Study: Many U.S. cities unprepared for future heat waves

Why are cities so susceptible to heat waves? Well, in part because that’s where most people live (obviously). But there’s another factor, too: Cities tend to run much hotter than nearby rural areas. This is due to what’s known as the urban heat island effect. There are fewer trees and plants in the city to enable evaporation. Buildings and pavements absorb more warmth from the sun. And factories and automobiles give off waste heat. That all adds up. On a hot summer afternoon, a large city can easily run 5°F to 18°F hotter than surrounding rural areas, enough to turn an unpleasant heat wave into a deadly calamity.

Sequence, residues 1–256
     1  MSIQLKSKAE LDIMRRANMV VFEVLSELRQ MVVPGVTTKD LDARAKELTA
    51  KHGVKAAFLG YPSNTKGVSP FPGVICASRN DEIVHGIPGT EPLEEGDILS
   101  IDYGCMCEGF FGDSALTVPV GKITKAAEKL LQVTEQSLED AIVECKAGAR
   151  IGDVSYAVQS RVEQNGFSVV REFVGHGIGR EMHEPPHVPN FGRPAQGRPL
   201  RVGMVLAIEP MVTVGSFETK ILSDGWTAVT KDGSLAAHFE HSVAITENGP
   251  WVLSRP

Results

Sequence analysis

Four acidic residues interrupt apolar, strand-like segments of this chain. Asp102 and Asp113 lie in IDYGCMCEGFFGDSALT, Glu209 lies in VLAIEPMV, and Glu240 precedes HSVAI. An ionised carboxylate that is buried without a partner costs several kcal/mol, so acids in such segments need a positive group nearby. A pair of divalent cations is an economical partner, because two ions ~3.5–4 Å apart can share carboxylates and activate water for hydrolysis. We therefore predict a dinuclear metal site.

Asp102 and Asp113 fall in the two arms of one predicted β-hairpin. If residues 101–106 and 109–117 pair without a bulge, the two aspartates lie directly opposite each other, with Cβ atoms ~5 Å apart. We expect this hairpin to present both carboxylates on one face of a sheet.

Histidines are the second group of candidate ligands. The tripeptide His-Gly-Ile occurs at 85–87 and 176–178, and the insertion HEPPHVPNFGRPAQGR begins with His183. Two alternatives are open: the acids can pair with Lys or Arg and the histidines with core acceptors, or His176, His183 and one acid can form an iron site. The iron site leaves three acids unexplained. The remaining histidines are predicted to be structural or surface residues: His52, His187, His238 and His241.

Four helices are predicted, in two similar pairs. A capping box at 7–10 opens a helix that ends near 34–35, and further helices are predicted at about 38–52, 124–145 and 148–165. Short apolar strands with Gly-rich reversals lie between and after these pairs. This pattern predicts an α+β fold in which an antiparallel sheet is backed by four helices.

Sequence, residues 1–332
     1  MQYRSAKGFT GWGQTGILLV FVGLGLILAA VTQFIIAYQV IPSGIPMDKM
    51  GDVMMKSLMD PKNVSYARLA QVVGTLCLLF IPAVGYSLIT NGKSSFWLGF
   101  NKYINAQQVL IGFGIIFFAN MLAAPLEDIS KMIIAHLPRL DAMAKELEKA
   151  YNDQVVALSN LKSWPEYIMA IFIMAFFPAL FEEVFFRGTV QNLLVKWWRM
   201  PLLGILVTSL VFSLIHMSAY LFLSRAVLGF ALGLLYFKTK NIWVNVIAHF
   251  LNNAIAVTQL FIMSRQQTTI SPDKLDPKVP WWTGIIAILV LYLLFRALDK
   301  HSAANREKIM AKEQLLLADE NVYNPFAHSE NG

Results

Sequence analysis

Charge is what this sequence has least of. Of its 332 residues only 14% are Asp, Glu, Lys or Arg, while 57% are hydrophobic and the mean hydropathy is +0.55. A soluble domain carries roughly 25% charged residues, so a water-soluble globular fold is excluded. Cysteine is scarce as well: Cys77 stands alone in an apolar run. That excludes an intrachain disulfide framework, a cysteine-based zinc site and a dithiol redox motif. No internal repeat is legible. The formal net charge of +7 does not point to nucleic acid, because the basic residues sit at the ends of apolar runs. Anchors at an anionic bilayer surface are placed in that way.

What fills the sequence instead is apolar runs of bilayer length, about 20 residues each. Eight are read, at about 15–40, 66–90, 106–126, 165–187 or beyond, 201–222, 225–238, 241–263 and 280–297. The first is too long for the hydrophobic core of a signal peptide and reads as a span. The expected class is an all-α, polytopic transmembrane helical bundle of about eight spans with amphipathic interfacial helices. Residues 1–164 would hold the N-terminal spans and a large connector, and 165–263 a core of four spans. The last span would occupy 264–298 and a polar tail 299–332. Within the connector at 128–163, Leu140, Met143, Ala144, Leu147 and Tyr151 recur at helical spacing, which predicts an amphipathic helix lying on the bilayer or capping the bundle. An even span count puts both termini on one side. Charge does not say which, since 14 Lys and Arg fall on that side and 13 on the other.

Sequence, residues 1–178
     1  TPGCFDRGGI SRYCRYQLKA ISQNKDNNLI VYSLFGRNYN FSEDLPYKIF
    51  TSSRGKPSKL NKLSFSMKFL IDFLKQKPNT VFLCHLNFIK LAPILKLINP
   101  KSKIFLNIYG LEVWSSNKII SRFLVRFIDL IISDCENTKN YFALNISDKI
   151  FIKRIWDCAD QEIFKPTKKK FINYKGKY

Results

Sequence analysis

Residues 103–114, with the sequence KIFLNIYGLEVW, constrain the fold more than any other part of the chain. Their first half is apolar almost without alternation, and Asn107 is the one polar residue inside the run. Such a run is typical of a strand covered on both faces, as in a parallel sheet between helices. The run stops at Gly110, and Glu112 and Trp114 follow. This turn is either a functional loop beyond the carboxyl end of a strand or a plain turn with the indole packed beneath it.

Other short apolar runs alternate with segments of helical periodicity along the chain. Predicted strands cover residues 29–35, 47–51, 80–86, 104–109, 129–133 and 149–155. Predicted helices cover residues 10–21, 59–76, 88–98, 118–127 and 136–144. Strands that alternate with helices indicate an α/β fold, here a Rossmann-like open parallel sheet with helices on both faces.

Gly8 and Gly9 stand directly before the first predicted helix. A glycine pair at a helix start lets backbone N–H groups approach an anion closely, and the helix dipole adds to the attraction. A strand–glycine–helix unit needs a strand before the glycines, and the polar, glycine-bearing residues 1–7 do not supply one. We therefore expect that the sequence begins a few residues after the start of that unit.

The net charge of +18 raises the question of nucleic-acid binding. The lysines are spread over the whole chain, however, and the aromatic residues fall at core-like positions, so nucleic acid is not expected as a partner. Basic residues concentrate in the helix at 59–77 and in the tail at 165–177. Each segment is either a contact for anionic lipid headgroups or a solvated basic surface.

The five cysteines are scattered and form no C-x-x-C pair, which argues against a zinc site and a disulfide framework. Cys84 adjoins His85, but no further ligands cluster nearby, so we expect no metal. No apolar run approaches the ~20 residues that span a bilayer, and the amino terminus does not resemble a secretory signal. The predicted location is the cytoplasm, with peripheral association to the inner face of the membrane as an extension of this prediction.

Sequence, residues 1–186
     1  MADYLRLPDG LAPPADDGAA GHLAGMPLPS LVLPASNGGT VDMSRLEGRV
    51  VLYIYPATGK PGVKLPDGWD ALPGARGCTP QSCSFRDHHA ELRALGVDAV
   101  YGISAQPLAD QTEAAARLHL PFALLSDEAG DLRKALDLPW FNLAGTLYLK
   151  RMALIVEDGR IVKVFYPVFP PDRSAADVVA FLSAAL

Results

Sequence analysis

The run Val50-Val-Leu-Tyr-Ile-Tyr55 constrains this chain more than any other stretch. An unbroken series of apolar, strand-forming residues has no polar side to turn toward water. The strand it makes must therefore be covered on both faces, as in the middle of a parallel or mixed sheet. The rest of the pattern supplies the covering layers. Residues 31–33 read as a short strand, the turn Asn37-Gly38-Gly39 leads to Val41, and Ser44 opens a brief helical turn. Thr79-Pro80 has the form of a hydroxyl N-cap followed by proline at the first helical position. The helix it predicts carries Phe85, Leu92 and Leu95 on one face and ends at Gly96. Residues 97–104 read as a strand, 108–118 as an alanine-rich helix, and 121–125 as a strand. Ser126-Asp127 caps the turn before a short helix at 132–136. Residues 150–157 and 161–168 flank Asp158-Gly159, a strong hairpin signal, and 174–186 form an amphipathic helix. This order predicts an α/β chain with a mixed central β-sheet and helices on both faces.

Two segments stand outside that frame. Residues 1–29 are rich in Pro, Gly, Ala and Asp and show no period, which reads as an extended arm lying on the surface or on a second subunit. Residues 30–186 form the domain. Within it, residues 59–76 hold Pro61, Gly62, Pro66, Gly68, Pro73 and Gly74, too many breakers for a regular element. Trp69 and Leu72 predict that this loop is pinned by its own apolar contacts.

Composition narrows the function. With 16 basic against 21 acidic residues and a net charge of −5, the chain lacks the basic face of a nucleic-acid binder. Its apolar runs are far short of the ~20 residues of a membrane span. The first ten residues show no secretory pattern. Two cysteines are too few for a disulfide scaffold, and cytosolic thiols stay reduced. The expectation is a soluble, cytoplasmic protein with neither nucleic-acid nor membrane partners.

And as global warming pushes up temperatures around the country, this urban heat island effect is only getting stronger. A new study in the journal Landscape and Research Planning finds that many large U.S. cities are warming twice as fast as the rest of the country. Between 1961 and 2010, rural areas in the United States heated up at a rate of roughly 0.29°F per decade. Yet three-quarters of the biggest U.S. metro areas were heating up at an average rate of 0.56°F per decade, thanks in part to increased sprawl. …

These sweltering cities can pose a problem for public health. Climate scientists say that if the planet keeps warming, we can expect more frequent and severe heat waves around the United States. Heat stress will get especially severe in cities, where the bulk of the population lives. What’s more, as demand for air conditioning in cities surges, that will put increased stress on electric grids, which are already buckling under this summer’s heat.